Diseases on Hair Follicles Leading to Hair Loss Part II: Scarring Alopecias

Katharina Wiedemeyer; Wolf-Berhard Schill, MD; Christoph Löser, MD

Disclosures

Skinmed. 2004;3(5) 

In This Article

Neutrophil-Associated Scarring Alopecias

Neutrophil-associated scarring alopecias include folliculitis decalvans, perifolliculitis capitis abscendens et suffodiens (of Hoffman), and acne keloidalis nuchae. Although the exact etiology is still unknown, abnormal inflammatory reactions mostly to Staphylococcus antigens are believed to account for all of the granulocyte-associated alopecias. They most commonly affect the scalp and rarely the beard. The primary differential diagnosis of any bacterial folliculitis is deep trichomycosis, which clinically may look exactly alike.

Folliculitis decalvans starts with perifollicular erythema, follicular papules, and pustules that spread peripherally. Typical are so-called hair tufts, where multiple hair shafts emerge from one dilated follicle opening. This is caused by fibrosis of adjacent follicular units and retention of telogen hairs within the infundibulum.[2] In early lesions, the follicle orifice is expanded and many granulocytes are found inside and outside the follicle. Perifollicular abscesses are formed and further inflammation can lead to rupture of the follicle. The presence of follicular debris causes foreign body reactions and leads to fibrotic scar tissue.

Treatment may be very difficult. In most cases, staphylococci are found within the lesions. The first choice is oral antibiotics. Before antibiotic therapy, a bacterial culture facilitates detection of possible resistant strains, multiresistant staphylococcus aureus in particular. Resistant strains of staphylococci are an increasing problem, which makes antibiotic treatment a matter of responsibility. Interestingly, in folliculitis decalvans staphylococci are also found in phagocytes where they are apparently not destroyed and perpetuate the process when released byz decay of the phagocytes. This might be one of many mechanisms by which bacteria escape the effect of antibiotics. In fact, folliculitis decalvans has been shown to be very resistant to antibiotic treatment. Powell and Dawber.[3] introduced a new treatment regimen consisting of rifampicin (300 mg) and clindamycin (300 mg) twice daily for 10 weeks. The combination of these two lipophilic drugs has been successfully applied in many cases.[4]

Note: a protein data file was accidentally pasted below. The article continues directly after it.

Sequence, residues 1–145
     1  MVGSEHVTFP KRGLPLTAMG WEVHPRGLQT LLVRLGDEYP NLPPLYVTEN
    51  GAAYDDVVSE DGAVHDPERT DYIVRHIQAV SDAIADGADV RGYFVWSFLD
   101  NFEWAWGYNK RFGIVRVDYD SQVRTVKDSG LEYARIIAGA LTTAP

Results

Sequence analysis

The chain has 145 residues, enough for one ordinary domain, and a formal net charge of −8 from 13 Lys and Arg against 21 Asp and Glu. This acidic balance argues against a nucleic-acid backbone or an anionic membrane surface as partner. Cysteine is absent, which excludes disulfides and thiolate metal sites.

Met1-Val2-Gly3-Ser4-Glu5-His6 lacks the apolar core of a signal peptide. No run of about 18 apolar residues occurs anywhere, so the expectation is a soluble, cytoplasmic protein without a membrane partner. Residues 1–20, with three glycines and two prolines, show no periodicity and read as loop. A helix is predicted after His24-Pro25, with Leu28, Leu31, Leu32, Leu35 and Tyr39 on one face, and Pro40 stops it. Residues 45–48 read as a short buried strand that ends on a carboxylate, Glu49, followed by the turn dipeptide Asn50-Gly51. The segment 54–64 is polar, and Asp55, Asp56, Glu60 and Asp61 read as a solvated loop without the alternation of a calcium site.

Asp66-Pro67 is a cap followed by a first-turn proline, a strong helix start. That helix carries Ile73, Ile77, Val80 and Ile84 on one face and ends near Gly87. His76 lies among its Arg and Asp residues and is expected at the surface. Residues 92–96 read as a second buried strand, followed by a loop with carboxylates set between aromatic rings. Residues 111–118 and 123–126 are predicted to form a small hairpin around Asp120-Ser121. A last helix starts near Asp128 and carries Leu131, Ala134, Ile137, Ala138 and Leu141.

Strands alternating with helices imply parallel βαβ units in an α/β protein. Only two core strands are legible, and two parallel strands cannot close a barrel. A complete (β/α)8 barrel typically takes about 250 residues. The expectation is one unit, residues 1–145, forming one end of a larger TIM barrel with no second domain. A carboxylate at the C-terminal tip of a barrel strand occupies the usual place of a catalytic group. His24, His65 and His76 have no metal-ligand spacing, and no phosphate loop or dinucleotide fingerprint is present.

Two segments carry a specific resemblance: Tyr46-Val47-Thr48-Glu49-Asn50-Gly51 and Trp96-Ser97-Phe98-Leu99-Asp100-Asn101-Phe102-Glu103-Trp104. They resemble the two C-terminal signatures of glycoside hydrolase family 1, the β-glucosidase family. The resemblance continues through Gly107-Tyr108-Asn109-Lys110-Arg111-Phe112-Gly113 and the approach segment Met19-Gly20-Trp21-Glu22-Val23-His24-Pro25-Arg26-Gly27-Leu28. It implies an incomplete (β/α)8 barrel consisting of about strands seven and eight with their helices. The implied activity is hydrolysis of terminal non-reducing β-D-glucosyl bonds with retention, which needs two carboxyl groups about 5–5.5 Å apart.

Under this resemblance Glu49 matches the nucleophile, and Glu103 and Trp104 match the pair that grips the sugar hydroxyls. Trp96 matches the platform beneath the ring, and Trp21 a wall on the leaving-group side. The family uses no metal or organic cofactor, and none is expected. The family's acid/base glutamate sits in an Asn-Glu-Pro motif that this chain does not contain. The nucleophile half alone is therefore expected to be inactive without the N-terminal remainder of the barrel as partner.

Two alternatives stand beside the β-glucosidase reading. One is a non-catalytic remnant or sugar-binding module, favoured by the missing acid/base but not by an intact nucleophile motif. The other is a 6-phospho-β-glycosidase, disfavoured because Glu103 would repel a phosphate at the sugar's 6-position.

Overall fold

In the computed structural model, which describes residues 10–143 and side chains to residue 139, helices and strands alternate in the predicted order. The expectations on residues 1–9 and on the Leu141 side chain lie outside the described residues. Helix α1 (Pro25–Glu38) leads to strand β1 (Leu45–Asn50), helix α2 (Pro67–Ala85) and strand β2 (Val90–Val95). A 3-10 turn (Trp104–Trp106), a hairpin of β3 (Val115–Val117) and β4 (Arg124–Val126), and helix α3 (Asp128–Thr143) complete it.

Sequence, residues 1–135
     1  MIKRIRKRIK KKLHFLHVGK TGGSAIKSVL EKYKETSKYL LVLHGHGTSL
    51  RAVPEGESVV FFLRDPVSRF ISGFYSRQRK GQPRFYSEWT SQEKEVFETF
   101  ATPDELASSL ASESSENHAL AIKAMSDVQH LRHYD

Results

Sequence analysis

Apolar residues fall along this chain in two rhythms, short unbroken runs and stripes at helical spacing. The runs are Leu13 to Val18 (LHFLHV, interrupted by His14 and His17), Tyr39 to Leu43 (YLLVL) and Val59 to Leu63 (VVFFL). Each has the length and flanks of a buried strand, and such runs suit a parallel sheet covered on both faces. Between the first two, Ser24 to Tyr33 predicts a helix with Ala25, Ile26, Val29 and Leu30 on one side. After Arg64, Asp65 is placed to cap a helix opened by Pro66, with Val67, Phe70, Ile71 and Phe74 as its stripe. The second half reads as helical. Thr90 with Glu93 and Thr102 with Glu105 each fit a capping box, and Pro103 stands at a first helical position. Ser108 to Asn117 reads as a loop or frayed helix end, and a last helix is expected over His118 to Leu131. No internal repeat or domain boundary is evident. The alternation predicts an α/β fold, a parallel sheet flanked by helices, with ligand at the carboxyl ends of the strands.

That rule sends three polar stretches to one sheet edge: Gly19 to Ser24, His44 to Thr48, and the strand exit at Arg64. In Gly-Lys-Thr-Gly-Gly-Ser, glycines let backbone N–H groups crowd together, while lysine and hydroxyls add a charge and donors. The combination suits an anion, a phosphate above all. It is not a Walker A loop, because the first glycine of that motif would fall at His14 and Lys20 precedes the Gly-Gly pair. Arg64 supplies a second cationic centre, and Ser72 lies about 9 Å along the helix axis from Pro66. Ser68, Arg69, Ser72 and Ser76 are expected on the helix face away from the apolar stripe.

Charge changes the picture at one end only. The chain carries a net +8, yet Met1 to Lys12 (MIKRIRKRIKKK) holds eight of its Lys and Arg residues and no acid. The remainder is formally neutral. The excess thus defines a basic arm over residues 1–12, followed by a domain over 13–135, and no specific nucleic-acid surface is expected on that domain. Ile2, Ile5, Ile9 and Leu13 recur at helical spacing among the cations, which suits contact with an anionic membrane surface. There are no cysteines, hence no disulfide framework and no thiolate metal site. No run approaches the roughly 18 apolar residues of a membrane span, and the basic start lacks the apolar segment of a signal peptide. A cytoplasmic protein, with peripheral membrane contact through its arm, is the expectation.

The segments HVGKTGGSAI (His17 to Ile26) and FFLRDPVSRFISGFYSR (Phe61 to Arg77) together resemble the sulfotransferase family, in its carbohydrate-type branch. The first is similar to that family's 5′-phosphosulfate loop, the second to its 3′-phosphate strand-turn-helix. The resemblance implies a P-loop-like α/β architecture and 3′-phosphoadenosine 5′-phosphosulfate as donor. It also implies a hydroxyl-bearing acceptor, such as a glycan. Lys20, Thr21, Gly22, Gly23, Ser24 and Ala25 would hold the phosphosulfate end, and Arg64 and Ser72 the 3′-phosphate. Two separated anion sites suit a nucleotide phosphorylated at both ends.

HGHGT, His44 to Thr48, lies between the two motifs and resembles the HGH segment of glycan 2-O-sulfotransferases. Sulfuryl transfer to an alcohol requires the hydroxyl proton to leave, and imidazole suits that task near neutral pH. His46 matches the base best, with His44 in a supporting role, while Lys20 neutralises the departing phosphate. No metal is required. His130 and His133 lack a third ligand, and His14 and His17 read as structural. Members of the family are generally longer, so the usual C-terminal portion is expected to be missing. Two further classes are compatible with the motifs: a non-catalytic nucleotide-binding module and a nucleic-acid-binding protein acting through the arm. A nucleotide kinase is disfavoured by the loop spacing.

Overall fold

Perifolliculitis capitis abscedens et suffodiens (of Hoffman), or dissecting folliculitis, is an even more severe inflammatory condition. Compared with folliculitis decalvans the inflammatory infiltrate reaches deeper structures of the skin (Figure 1). It predominantly occurs in African-American men between ages 20 and 40 years.[5] Suppurative follicular and perifollicular abscesses lead to sinus tract formation, which is not found in folliculitis decalvans. Foreign body giant cells can be found in great numbers. Histologically, the follicles are invaded by inflammatory cells, especially the lower portions. Once the follicles are destroyed, the inflammatory process is replaced by dense fibrosis of the dermis.

Perifolliculitis abscedens et suffodiens (of Hoffman). The scalp is covered by boggy, fluctuant nodules. Dissecting cellulitis finally results in dermal fibrosis, sinus tract formation, hypertrophic scarring, and permanent hair loss.

The treatment of choice for dissecting folliculitis is antibiotic therapy. Improvement was also shown by systemic retinoids, dapsone[6] and short-time steroids. Topical treatment alone is not effective but disinfectants can support the systemic therapy. Some authors suggest x-ray, surgery, or laser therapy as an alternative to systemic medication. Interestingly, the presence of hair follicles seems to be essential for the perpetuation of the disease: after depilation of all follicles by x-ray, the inflammatory process declines and finally stops.[7]

Also called folliculitis scleroticans nuchae, this disease presents with follicular-based papules concentrated on the lower occiput.[8] Acne keloidalis nuchae is easily recognized and responds to the same therapy regimens as folliculitis decalvans and dissecting folliculitis.

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